I always feel pressure and embarrassment when doing code reviews. What should I do?

One of the best things you can do is discuss how you feel with your manager. A good manager will help you overcome your problems. That’s what they’re supposed to do. When somebody on a team has a problem, then it can affect the whole team. Removing obstacles like this helps everybody. It’s possible that your problems are due to another teammate. That’s something that your manager can help with too. If you have a team or even a single person on a team that reacts strongly and loudly to anything other than glowing praise, then it’s going to be difficult to review code. It’s the job of the manager to correct problems like this too.

One thing you can do if you’re just joining a new team is to read previous code reviews. Get a feel for how other team members express themselves and how they react. Many times, a misunderstanding is caused just because we can mistake a person’s normal behavior as being directed at us instead. Reading old code reviews will help you learn who is shy, who is outspoken, who responds well to questions, and who needs facts.

We’re all different and there’s a common lesson taught in early grade school called the golden rule. It says to treat others the way you would like to be treated. Unfortunately, that rule is backwards. Following it can sometimes work and sometimes cause even more problems. Remember, we’re all different. That’s the key. Don’t treat people the way you want to be treated. Treat them the way they want to be treated. Within reason, of course.

What I mean is, let’s say that you like direct, to-the-point communication. If it’s wrong, you’d rather somebody just tell you right away even if the whole team knows. This lets you fix it and move on. Another person might be horrified by this and may prefer a question to give them time to think about it and change their mind on their own. If you try to treat others the way you want to be treated, then you’re almost certain run into problems that are unrelated to any technical code review points.

Listen to this episode to hear my thoughts on the following questions about code reviews:

  1. What if I’m too busy with my own work?
  2. What if I don’t find anything wrong?
  3. What if I don’t find all the problems?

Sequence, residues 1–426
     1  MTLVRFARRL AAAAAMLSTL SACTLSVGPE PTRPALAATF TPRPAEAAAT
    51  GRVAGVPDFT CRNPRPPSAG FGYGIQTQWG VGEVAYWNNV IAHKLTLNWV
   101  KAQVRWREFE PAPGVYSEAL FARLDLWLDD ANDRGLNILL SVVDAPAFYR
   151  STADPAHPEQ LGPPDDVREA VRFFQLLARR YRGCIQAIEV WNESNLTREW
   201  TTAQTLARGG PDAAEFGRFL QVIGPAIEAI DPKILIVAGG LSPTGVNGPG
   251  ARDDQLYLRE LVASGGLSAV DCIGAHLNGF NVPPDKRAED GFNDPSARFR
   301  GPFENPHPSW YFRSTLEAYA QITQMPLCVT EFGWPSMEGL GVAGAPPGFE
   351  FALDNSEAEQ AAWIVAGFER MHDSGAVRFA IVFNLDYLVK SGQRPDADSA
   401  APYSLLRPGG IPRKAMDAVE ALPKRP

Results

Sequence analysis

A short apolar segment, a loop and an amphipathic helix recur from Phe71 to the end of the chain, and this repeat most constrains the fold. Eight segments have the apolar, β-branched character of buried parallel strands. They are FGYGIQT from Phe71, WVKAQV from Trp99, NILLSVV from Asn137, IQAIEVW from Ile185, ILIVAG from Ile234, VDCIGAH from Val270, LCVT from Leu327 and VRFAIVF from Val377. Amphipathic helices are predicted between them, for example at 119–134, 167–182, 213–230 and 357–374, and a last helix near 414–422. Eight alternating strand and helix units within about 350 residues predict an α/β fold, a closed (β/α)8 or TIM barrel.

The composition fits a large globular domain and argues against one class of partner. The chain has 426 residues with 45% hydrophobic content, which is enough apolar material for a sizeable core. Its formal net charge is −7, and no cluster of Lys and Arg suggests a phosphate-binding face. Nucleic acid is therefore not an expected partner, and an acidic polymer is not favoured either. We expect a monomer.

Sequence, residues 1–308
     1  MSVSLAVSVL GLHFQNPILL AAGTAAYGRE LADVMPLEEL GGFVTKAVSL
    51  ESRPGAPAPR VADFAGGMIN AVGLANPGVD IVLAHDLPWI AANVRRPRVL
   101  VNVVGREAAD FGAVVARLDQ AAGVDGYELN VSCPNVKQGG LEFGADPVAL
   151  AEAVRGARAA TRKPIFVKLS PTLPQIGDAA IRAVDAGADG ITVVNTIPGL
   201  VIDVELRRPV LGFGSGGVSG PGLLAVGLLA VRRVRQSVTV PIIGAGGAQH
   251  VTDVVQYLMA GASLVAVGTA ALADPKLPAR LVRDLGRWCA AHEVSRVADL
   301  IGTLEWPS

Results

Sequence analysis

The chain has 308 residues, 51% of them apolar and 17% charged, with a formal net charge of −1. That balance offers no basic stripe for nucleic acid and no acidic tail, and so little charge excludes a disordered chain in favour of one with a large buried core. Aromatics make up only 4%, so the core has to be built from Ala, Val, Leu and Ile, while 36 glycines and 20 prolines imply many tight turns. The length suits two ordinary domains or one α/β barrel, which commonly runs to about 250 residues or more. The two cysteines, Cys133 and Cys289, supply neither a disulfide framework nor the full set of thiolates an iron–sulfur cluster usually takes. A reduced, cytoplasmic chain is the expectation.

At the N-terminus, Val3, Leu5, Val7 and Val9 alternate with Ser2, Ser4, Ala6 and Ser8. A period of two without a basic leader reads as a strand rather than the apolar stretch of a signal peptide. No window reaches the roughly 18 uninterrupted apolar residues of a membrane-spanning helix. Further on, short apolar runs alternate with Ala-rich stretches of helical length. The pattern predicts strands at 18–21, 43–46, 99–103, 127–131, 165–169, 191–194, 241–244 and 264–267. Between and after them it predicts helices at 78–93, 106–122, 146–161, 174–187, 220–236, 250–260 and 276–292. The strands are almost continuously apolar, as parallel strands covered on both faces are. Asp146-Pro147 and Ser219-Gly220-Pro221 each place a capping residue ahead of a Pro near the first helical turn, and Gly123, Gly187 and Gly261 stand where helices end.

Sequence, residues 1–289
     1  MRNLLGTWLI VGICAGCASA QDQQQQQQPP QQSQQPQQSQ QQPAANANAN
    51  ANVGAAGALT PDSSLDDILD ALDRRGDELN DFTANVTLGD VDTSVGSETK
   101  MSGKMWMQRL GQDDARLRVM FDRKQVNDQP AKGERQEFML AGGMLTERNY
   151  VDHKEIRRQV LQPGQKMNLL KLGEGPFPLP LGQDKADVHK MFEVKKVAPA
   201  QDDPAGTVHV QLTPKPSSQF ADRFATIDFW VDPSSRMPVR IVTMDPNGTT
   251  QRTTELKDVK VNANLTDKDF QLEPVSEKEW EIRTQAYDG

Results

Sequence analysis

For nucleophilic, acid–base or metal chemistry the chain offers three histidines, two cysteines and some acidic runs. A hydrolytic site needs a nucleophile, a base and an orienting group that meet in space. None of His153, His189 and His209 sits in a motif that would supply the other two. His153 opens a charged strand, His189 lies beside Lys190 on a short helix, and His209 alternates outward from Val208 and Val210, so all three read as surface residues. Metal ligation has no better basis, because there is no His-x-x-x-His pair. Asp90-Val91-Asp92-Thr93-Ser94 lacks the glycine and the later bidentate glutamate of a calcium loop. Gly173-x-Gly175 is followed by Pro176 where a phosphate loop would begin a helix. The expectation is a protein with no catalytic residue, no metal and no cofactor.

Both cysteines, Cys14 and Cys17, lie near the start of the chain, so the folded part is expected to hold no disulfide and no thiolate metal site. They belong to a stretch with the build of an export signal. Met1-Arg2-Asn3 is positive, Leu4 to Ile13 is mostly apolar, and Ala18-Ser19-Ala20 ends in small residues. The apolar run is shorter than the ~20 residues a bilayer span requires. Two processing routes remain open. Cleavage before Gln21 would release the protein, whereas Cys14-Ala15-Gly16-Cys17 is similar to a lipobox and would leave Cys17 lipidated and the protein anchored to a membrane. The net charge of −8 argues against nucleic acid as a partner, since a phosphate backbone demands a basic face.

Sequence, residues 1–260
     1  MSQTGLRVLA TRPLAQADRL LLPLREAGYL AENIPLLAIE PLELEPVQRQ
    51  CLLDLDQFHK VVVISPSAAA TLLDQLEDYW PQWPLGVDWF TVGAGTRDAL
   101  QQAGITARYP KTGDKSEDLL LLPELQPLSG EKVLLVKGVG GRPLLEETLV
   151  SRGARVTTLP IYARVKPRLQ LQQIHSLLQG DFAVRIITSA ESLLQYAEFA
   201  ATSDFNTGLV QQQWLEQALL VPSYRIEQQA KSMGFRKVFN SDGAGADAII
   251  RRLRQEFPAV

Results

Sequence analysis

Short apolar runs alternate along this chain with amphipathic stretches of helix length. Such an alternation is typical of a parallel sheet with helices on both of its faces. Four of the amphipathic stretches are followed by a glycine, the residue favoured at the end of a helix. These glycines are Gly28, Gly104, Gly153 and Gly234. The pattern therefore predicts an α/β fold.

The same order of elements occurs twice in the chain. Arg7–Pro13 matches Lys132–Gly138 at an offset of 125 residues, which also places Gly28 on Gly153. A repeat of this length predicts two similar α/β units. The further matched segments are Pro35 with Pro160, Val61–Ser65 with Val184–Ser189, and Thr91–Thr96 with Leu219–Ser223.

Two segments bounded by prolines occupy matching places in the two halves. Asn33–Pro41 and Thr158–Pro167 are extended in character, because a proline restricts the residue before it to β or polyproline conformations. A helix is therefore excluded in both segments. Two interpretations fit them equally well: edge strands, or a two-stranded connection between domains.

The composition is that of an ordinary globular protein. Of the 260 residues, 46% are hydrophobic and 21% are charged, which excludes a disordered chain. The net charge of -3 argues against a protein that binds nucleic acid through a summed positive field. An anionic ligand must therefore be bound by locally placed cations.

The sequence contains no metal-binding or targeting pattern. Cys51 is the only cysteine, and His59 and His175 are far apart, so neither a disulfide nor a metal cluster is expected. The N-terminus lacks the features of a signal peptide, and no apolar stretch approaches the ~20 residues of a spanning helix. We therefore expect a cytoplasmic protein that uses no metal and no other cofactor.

4. What if I suggest something that turns out to be wrong?
  5. What if somebody else finds something I should have caught?
  6. What if I catch a mistake that the developer should not have made?
  7. What if this is not the first time for the same problem?
  8. What if the developer pushes back?
  9. What if my comments are ignored?
  10. What if my comments cause hard feelings?

You can also read the full transcript of the episode below.

Transcript

One of the best things you can do is discuss how you feel with your manager. A good manager will help you overcome your problems. That’s what they’re supposed to do. When somebody on a team has a problem, then it can affect the whole team. Removing obstacles like this helps everybody.

It’s possible that your problems are due to another teammate. That’s something that your manager can help with too. If you have a team or even a single person on a team that reacts strongly and loudly to anything other than glowing praise, then it’s going to be difficult to review code. It’s the job of the manager to correct problems like this too.

Every situation is different and in a way you can almost think of this entire episode as sort of a review. Not a code review. But a review of possible scenarios that I try to think of and then ways you might be able to learn and adapt.

Eventually, code reviews should get better over time but some aspects should remain.

◦ For example, nervous feelings can help as long as they’re not too strong.
◦ Your confidence will improve over time. As long as you take each review as a learning opportunity, you’ll get better.

One thing you can do if you’re just joining a new team is to read previous code reviews. Get a feel for how other team members express themselves and how they react. Many times, a misunderstanding is caused just because we can mistake a person’s normal behavior as being directed at us instead. Reading old code reviews will help you learn who is shy, who is outspoken, who responds well to questions, and who needs facts.

We’re all different and there’s a common lesson taught in early grade school called the golden rule. It says to treat others the way you would like to be treated. Unfortunately, that rule is backwards. Following it can sometimes work and sometimes cause even more problems. Remember, we’re all different. That’s the key. Don’t treat people the way you want to be treated. Treat them the way they want to be treated. Within reason, of course.